How to Manage Pests

UC Pest Management Guidelines


Bacterial Canker

Pathogen: Pseudomonas syringae

(Reviewed 11/09, updated 11/09, pesticides updated 9/15)

In this Guideline:

Symptoms and Signs

Symptoms are most obvious in spring, and include limb dieback with rough cankers and amber-colored gum. There may also be leaf spot and blast of young flowers and shoots. The sour sap phase of bacterial canker may not show gum and cankers, but the inner bark is brown, fermented, and sour smelling. Flecks and pockets of bacterial invasion in bark occur outside canker margins. Frequently, trees sucker from near ground level; cankers do not extend below ground.

Comments on the Disease

Pseudomonas syringae survives on plant surfaces, is spread by splashing rain, and is favored by high moisture and low temperatures in spring. The disease is worse in low or sandy spots in the orchard. Vigorous trees are less susceptible to bacterial canker, while young trees, 2 to 8 years old, are most affected. The disease rarely occurs in first year of planting, and is uncommon in nurseries.


The occurrence of bacterial canker is thought to be related to the amount of stress trees are subjected to, including poor nitrogen and/or microelement availability, high ring-nematode populations, previous drought stresses, hardpan, rootstocks that reduce tree vigor, spring freezes, and irrigation methods that wet the tree. If ring-nematode populations are present in an orchard site, preplant fumigation is important. Also important are rootstock selection, proper nitrogen fertilization, and the use of drip or microsprinkler irrigation, which may help with nutrient uptake. Of the rootstocks commonly used for cherries in California, Mahaleb is the most tolerant of bacterial canker, Colt is moderately susceptible, and Mazzard is susceptible. Spring and summer pruning may also help. Fall and dormant season copper sprays have been used by some growers to help manage this disease, but research in California orchards has not shown this practice to be consistent or reliably effective. There is also widespread copper resistance in pathogen populations in commercial orchards.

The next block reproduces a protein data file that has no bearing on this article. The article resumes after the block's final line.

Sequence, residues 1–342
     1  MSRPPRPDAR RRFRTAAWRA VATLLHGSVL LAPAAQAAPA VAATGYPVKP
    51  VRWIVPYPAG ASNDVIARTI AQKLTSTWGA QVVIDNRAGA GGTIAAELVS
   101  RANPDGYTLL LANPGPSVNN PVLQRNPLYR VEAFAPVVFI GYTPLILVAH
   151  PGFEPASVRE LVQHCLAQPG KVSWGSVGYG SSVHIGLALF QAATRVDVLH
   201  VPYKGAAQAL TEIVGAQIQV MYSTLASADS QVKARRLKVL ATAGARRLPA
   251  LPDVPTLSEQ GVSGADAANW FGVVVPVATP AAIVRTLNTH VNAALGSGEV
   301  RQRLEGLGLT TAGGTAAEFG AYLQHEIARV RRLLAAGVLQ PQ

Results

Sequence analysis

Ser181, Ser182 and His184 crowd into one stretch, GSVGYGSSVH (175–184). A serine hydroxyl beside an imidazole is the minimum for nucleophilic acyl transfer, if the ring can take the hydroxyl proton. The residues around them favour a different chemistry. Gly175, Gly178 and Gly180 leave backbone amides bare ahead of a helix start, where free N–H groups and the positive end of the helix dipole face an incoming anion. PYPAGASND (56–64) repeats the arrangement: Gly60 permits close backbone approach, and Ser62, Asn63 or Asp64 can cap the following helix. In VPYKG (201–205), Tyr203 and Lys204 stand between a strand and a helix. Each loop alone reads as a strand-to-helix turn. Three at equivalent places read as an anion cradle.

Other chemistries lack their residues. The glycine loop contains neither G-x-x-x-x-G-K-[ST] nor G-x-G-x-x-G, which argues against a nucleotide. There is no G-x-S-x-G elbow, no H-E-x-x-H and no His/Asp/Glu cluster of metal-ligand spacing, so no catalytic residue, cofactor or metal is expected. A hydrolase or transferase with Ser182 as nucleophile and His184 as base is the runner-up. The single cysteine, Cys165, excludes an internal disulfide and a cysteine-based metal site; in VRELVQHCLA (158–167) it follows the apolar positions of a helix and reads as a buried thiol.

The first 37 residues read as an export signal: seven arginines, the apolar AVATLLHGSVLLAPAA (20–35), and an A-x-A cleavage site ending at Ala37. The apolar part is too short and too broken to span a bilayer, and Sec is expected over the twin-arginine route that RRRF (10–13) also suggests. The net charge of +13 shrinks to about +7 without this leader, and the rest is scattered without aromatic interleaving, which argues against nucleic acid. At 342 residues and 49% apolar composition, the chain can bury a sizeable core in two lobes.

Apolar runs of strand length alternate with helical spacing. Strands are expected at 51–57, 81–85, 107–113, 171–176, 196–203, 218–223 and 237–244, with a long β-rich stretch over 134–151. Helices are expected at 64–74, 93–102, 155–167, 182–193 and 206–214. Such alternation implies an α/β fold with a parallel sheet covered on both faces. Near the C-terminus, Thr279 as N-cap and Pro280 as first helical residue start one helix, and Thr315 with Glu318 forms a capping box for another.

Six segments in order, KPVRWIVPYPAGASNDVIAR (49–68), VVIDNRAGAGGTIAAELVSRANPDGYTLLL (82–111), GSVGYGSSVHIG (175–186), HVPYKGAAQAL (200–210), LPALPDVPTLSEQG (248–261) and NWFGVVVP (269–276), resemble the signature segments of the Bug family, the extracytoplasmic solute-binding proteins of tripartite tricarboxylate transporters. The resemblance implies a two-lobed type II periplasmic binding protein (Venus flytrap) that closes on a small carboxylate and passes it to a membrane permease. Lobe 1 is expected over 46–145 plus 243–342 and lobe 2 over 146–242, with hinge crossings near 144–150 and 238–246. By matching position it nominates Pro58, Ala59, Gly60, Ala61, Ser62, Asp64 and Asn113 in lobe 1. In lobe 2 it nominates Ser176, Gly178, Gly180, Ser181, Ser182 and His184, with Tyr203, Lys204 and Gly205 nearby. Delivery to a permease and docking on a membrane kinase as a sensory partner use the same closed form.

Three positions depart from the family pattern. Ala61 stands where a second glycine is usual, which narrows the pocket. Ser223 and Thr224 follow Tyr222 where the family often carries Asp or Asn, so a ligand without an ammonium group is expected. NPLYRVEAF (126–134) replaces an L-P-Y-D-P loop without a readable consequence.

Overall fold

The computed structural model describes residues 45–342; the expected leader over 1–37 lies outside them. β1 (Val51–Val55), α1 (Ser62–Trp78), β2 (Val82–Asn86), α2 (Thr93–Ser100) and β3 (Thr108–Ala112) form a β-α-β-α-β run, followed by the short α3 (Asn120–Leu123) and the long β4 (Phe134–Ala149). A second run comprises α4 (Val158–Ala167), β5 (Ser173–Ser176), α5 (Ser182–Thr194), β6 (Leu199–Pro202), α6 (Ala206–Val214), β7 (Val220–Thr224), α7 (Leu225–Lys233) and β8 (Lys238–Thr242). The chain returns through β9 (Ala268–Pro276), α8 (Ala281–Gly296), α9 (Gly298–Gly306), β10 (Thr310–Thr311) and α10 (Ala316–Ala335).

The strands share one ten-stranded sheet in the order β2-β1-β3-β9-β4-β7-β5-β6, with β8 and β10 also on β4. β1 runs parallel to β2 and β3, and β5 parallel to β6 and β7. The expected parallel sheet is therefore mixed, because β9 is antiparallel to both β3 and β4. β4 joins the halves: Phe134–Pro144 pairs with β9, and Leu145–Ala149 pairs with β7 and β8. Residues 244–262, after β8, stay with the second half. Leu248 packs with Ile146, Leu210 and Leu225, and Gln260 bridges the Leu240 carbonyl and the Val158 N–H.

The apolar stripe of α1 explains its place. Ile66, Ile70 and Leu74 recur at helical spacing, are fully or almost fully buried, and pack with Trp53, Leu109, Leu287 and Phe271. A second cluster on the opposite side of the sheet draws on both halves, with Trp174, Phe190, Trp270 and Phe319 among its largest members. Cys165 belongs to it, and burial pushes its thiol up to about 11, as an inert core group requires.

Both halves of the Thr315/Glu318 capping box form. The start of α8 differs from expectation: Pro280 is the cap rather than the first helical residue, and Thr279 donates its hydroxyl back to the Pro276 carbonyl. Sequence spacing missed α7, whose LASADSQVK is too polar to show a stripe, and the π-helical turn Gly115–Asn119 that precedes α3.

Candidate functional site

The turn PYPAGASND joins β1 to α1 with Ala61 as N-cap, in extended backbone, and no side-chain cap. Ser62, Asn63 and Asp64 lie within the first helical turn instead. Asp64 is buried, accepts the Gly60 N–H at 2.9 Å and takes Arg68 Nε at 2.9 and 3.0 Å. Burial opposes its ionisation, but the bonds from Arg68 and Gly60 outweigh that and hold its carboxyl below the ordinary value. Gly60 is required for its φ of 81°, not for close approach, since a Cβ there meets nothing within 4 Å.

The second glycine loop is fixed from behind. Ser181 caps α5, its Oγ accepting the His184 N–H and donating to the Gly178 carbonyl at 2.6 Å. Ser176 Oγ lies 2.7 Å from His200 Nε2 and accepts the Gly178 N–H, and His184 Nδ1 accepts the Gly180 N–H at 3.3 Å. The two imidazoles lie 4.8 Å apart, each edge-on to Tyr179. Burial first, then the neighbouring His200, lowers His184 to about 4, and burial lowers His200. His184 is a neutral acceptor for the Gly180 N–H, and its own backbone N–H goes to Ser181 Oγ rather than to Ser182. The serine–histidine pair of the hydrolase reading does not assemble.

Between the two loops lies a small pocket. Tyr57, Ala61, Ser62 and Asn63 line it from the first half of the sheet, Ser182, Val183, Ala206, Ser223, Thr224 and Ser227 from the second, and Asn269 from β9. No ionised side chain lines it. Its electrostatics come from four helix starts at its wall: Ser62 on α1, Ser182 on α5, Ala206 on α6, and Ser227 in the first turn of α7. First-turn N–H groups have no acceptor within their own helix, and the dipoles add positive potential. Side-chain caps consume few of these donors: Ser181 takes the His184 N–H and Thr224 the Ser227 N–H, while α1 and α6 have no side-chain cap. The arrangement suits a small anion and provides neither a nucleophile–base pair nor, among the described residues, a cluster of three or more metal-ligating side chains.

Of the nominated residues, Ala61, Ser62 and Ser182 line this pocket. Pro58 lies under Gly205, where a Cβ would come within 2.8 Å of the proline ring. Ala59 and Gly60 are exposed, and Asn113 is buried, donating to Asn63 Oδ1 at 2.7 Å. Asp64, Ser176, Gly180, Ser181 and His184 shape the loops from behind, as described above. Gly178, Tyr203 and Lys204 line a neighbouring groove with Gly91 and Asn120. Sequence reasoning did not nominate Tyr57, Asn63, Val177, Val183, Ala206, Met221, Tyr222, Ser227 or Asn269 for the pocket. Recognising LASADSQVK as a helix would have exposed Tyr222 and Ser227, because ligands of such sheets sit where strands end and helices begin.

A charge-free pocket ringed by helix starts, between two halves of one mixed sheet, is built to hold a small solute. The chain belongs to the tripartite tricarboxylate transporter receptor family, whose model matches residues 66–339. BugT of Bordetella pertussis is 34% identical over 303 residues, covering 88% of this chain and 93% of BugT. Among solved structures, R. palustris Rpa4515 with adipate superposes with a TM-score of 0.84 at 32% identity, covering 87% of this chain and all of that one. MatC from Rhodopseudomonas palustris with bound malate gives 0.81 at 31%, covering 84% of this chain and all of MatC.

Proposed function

Treatment Decisions

In light, sandy soils and in some heavy soils, control has been achieved with preplant fumigation for nematodes. Ring nematodes predispose cherry trees to bacterial canker. The benefits of preplant soil fumigation for control of bacterial canker usually last only a few years; in some areas only limited improvements in disease control occur following soil fumigation.

Common name Amount per acre REI‡ PHI‡
(Example trade name)   (hours) (days)

Calculate impact of pesticide on air quality
Bee precaution pesticide ratings
When choosing a pesticide, consider its usefulness in an IPM program by reviewing the pesticide's properties, efficacy, application timing, and information relating to resistance management, honey bees (PDF), and environmental impact. Not all registered pesticides are listed. Always read the label of the product being listed.
A. METHYL BROMIDE* 300-600 lb See label NA
  COMMENTS: Use allowed under List of Approved Critical Uses. Use higher rates for fine-textured soils. Fumigants such as methyl bromide are a source of volatile organic compounds (VOCs) but are not reactive with other air contaminants that form ozone; methyl bromide depletes ozone. Fumigate only as a last resort when other management strategies have not been successful or are not available.
Restricted entry interval (REI) is the number of hours (unless otherwise noted) from treatment until the treated area can be safely entered without protective clothing. Preharvest interval (PHI) is the number of days from treatment to harvest. In some cases the REI exceeds the PHI. The longer of two intervals is the minimum time that must elapse before harvest.
* Permit required from county agricultural commissioner for purchase or use.
NA Not applicable.



[UC Peer Reviewed]

UC IPM Pest Management Guidelines: Cherry
UC ANR Publication 3440


J. E. Adaskaveg, Plant Pathology, UC Riverside
J. L. Caprile, UC Cooperative Extension, Contra Costa County

Acknowledgment for contributions to Diseases:
W. D. Gubler, Plant Pathology, UC Davis
B. L. Teviotdale, Kearney Agricultural Center, Parlier

Top of page

Statewide IPM Program, Agriculture and Natural Resources, University of California
All contents copyright © 2017 The Regents of the University of California. All rights reserved.

For noncommercial purposes only, any Web site may link directly to this page. FOR ALL OTHER USES or more information, read Legal Notices. Unfortunately, we cannot provide individual solutions to specific pest problems. See our Home page, or in the U.S., contact your local Cooperative Extension office for assistance.

Agriculture and Natural Resources, University of California

Accessibility   Contact webmaster.